Funding cuts jeopardize nuclear non-proliferation

However, funding cuts made to protect our financial security must not jeopardize our national security. Unfortunately, the United States House of Representatives recently passed spending reductions to the stop-gap measure designed to fund the government through fiscal year 2011 that would dangerously weaken national security by leaving us more vulnerable to nuclear terrorism. The resolution short-changes urgent nuclear non-proliferation efforts under the National Nuclear Security Administration (NNSA) by more than $600 million. This funding is a small fraction of the federal budget, but a vital part of our national security.  

At a time when Al Qaeda seeks to obtain nuclear weapons, this funding is important.  Congress should appropriate the necessary resources for these vital and urgent programs to secure, remove, or curb the spread of nuclear materials. 

The threat of nuclear terrorism is one of the gravest national security threats we face today. The bipartisan 9/11 Commission found that, “The greatest danger of another catastrophic attack in the United States will materialize if the world’s most dangerous terrorists acquire the world’s most dangerous weapons.” Secretary of Defense Robert Gates, who has served under both Presidents Bush and Obama, stated, “Every senior leader, when you’re asked what keeps you awake at night, it’s the thought of a terrorist ending up with a weapon of mass destruction, especially nuclear.” A sophisticated group could make a crude nuclear device if it could access the necessary material – and not much is needed. According to the International Atomic Energy Agency, only 8 kilograms of plutonium are needed for a Nagasaki-type bomb. Just 25 kilograms of highly enriched uranium are needed for a nuclear bomb like the one used in Hiroshima. 

Though the threat of nuclear terrorism is all too real, it can be prevented. Our best defense is to secure or remove materials that could be used for nuclear weapons or dirty bombs from vulnerable locations where they might be stolen or sold to terrorists.  Today, these materials are located primarily in Russia but are also scattered in over forty other countries. Many of these countries possess small, but minimally secured, quantities of this material. Our security is only as strong as our weakest link. Every one of these locations matters.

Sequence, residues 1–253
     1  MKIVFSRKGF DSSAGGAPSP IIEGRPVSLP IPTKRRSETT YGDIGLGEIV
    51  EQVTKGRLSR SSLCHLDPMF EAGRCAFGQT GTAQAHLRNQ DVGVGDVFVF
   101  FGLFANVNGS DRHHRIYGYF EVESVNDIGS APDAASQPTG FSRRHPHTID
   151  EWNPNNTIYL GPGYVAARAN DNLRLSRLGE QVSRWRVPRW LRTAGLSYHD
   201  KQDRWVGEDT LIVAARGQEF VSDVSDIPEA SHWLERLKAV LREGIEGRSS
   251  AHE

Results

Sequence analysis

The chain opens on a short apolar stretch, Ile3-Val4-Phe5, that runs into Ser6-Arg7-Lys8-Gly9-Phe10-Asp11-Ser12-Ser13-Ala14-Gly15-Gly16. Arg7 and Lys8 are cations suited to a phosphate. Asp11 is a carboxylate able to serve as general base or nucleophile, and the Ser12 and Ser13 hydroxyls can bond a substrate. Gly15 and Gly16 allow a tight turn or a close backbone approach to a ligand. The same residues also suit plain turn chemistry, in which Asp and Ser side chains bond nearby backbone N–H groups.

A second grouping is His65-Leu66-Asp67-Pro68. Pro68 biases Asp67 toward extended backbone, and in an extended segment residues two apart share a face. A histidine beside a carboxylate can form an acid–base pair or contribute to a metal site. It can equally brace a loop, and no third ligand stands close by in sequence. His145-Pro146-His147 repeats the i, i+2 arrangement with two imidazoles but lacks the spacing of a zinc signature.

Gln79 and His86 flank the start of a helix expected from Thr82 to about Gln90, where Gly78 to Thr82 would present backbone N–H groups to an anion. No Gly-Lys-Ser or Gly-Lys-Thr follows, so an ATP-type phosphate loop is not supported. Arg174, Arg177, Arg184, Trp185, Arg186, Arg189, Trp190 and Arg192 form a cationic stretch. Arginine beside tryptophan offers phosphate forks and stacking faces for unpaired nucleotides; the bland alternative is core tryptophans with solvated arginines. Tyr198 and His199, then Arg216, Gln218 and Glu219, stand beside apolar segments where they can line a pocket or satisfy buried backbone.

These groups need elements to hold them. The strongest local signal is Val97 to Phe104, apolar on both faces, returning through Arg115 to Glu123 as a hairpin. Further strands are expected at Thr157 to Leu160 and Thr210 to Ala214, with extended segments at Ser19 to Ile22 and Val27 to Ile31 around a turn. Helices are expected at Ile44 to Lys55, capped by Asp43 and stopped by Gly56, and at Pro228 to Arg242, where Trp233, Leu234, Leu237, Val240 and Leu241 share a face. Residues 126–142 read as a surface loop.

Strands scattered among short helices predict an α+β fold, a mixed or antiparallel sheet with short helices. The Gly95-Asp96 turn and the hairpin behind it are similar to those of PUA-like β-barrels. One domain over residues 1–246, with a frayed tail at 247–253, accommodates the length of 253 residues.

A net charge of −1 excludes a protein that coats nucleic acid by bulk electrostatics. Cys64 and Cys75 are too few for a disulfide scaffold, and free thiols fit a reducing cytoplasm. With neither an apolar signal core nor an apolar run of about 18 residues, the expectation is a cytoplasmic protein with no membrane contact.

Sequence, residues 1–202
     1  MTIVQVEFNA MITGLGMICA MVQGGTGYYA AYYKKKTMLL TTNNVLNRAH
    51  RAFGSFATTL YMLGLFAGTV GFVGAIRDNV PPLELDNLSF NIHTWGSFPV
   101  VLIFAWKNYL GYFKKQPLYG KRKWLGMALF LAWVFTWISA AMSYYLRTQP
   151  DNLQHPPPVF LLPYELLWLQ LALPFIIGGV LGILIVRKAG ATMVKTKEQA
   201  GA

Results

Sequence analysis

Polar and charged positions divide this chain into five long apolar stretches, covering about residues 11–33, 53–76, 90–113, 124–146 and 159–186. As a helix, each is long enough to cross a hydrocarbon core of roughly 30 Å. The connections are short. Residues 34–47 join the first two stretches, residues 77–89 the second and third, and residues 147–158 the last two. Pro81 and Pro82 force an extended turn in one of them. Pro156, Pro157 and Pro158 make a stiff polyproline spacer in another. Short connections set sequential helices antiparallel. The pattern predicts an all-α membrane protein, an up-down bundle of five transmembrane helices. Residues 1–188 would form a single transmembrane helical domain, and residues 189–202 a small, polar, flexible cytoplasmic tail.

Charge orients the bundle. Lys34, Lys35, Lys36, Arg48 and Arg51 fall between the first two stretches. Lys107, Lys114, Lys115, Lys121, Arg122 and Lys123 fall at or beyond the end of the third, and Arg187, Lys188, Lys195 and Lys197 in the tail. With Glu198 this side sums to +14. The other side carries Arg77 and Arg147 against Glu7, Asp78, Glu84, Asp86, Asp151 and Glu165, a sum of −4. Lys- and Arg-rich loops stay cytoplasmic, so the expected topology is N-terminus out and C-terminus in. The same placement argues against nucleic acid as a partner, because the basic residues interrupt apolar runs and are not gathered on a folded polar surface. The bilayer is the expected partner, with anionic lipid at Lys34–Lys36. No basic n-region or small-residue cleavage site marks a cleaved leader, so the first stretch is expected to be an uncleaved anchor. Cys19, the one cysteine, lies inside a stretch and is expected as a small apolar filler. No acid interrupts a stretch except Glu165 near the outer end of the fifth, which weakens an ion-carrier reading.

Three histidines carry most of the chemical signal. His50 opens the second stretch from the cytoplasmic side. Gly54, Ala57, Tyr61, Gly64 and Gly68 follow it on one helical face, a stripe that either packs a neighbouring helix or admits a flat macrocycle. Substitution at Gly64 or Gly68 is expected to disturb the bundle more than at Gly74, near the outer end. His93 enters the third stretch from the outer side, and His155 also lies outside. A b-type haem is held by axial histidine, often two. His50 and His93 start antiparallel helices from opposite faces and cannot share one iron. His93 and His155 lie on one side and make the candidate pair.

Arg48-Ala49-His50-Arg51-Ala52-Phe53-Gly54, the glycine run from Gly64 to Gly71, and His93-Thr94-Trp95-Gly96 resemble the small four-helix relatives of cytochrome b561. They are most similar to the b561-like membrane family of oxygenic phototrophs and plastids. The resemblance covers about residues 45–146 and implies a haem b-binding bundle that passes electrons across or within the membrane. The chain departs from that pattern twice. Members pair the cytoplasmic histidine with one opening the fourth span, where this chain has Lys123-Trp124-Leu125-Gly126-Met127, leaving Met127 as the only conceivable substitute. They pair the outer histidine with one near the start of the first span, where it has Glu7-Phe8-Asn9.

Securing or removing nuclear material is a challenge that requires not only funding but also international cooperation. We have seen significant progress in past years. In April of 2009 President Obama committed to securing all vulnerable nuclear materials worldwide by 2013, and he called for international leadership to reduce the risk of nuclear terrorism. Last year, he convened an unprecedented Global Nuclear Security Summit in Washington, D.C., where the leaders of 47 nations pledged to do their part. As a result of US leadership, countries such as Belarus, Chile, Mexico, Serbia, and Ukraine, are giving up, or have already removed, their highly-enriched uranium. In those places where the process is not yet completed, without adequate U.S. funding, this dangerous material could remain at risk of theft by the radical groups that seek it.

The cost of securing loose nuclear materials and preventing their further spread is negligible compared to the unimaginable tragedy of a potential nuclear attack on one of our cities, should terrorists gain access to those materials.  And in 2003, our nation went to war with Iraq because of the assertion that Saddam Hussein had weapons of mass destruction. As that decision proved, military intervention to stop or reverse nuclear weapons programs is far more costly, risky and difficult than making sound investments upfront in non-proliferation efforts.

Short-changing these initiatives now, while the international momentum exists to reach our goal, will not only send the wrong message to our allies, but will directly impact the quantity of dangerous nuclear materials that might fall into the hands of terrorists.

Rep. Adam Smith (D-Wash.) is the ranking member of the House Armed Services Committee. Rep. Pete Visclosky (D-Ind.) is a member of the House Committee on Appropriations and sits on the Energy and Water and Defense Subcommittees.

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